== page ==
Hedy Lamarr once scandalized the planet by skinny-dipping stark naked at age 19 in the early blockbuster movie Ecstasy back in 1932. She wasn’t just a pioneering sex symbol, though. As Hedy herself said, “Any girl can be glamorous. All you have to do is stand still and look stupid.” Hedy was up to a lot more than that in 1942, though.
She was already a globe-trotting multimedia superstar who had fled her Austrian marriage to a fascist weapons manufacturer to score a $3,000-a-week MGM movie contract. In her spare time, though, Hedy tinkered in home electronics–and today is the anniversary of when Hedy got the patent on technology that made wifi possible today.
Teamed with avant-garde musician George Antheil, Hedy herself conceived, designed, and executed a device that would jam the frequencies of radio controlled Nazi torpedoes and, ultimately, evolve directly into today’s Wifi, Bluetooth, and CDMA technologies.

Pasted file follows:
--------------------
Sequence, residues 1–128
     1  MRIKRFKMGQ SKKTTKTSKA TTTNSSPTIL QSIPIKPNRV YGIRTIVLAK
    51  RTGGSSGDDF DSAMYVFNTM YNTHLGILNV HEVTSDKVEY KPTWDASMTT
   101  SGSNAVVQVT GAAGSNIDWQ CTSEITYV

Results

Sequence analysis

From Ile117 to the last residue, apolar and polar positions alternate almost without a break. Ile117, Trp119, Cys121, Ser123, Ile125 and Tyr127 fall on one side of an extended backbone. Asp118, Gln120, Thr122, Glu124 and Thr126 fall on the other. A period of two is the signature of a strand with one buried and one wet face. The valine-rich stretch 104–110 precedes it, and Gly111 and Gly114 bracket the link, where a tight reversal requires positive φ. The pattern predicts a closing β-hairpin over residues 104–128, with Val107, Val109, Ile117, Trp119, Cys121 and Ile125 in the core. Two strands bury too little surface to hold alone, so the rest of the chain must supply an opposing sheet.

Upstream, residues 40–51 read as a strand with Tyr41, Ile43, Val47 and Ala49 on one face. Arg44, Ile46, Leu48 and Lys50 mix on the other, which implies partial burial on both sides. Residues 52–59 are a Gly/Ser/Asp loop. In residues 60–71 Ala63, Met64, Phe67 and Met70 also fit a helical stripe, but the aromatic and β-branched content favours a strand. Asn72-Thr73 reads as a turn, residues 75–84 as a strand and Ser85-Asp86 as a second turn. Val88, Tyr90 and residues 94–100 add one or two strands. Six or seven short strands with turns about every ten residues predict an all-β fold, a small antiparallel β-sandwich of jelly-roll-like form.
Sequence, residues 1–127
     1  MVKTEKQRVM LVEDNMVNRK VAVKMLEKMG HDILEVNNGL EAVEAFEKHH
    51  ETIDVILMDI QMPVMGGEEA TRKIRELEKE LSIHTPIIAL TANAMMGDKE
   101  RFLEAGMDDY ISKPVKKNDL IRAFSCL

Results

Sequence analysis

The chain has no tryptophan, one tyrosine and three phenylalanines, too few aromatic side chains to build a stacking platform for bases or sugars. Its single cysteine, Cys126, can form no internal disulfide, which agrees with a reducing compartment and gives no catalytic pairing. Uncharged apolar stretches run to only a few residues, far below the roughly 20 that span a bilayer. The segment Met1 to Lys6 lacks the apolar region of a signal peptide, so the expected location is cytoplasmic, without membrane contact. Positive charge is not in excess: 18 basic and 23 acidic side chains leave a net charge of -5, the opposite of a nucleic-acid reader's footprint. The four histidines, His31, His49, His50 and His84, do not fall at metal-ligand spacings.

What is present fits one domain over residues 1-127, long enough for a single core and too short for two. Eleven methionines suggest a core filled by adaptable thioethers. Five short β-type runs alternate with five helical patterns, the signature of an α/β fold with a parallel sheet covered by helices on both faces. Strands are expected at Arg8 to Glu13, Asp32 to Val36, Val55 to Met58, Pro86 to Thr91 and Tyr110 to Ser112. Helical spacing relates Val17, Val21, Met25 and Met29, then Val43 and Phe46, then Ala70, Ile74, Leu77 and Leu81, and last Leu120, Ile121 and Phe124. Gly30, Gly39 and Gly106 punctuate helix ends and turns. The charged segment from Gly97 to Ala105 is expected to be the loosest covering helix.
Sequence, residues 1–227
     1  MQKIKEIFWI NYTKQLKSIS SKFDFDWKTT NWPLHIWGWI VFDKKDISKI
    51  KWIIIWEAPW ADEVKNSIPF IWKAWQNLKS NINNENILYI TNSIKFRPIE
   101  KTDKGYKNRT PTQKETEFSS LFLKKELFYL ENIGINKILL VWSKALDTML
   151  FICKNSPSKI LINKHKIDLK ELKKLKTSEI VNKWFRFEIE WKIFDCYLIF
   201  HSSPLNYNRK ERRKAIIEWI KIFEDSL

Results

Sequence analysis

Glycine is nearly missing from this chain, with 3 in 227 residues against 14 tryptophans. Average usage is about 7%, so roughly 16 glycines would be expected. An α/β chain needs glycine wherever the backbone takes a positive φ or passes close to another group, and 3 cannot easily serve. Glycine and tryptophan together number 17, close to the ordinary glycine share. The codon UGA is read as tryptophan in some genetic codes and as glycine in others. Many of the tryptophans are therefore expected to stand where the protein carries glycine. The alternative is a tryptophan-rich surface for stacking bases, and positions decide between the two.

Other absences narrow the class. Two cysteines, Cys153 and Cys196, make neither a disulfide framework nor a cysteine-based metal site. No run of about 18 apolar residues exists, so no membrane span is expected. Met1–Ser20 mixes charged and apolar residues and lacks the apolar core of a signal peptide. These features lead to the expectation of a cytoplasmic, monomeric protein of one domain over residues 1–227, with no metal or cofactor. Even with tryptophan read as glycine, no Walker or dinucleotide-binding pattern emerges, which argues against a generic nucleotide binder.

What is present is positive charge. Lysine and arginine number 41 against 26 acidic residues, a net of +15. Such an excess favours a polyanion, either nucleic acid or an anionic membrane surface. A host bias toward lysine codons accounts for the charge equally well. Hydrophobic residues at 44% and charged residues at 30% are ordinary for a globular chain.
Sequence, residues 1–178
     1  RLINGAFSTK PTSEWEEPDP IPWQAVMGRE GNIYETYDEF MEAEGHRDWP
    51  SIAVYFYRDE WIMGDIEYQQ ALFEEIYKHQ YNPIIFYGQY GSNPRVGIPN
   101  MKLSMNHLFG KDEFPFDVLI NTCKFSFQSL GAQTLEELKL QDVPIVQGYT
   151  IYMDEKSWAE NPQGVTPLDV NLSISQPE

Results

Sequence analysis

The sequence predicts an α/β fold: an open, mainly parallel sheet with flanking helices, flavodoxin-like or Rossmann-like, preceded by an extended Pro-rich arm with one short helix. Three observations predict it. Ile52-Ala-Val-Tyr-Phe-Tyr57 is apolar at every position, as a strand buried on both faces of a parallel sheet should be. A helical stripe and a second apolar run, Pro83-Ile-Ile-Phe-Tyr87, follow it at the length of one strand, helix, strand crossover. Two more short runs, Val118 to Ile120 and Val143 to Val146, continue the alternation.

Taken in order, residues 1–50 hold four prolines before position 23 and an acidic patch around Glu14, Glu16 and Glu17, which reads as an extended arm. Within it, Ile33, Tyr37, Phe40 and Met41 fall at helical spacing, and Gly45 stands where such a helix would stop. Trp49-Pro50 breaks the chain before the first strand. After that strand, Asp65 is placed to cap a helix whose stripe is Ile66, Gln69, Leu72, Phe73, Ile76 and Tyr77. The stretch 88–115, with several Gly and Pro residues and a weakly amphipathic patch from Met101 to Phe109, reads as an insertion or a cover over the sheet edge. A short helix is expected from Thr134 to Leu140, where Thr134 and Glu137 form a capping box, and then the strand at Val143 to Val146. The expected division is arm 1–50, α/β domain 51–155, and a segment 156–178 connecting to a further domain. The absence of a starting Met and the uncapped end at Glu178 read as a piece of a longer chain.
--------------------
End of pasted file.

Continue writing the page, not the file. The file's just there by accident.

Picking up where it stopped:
On August 11, 1942, the United States government granted a patent to Lamarr and Antheil for their frequency-hopping spread-spectrum invention. While largely dormant for two decades, Lamarr’s ideas and devices proved crucial to the Navy during the 1962 Cuban missile crisis and she has been posthumously honored by National Inventors Council and entered this year into the Inventor’s Hall of Fame. And, today, every one of us is using Hedy’s gadgetry in one form or another–most likely as you’re actually reading this.
And that was all after Hedy had starred in the first-ever celebrity nude scene. All that historic achievement for a single hottie is Hedy indeed.